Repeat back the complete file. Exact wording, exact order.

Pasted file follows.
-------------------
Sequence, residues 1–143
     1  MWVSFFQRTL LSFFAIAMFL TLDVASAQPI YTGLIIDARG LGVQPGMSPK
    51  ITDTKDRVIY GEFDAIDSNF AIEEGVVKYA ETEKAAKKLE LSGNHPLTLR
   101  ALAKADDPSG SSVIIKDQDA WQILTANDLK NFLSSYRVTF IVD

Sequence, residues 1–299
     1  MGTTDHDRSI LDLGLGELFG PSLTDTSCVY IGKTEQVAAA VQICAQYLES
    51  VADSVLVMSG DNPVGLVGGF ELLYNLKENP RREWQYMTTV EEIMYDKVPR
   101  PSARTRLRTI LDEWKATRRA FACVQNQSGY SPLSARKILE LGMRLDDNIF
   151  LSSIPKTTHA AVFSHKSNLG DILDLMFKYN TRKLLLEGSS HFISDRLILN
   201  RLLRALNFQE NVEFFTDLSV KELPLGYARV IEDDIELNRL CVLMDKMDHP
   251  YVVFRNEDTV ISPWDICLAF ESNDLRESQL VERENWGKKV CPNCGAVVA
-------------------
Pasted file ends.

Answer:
Sequence, residues 1–143
     1  MWVSFFQRTL LSFFAIAMFL TLDVASAQPI YTGLIIDARG LGVQPGMSPK
    51  ITDTKDRVIY GEFDAIDSNF AIEEGVVKYA ETEKAAKKLE LSGNHPLTLR
   101  ALAKADDPSG SSVIIKDQDA WQILTANDLK NFLSSYRVTF IVD

Sequence, residues 1–299
     1  MGTTDHDRSI LDLGLGELFG PSLTDTSCVY IGKTEQVAAA VQICAQYLES
    51  VADSVLVMSG DNPVGLVGGF ELLYNLKENP RREWQYMTTV EEIMYDKVPR
   101  PSARTRLRTI LDEWKATRRA FACVQNQSGY SPLSARKILE LGMRLDDNIF
   151  LSSIPKTTHA AVFSHKSNLG DILDLMFKYN TRKLLLEGSS HFISDRLILN
   201  RLLRALNFQE NVEFFTDLSV KELPLGYARV IEDDIELNRL CVLMDKMDHP
   251  YVVFRNEDTV ISPWDICLAF ESNDLRESQL VERENWGKKV CPNCGAVVA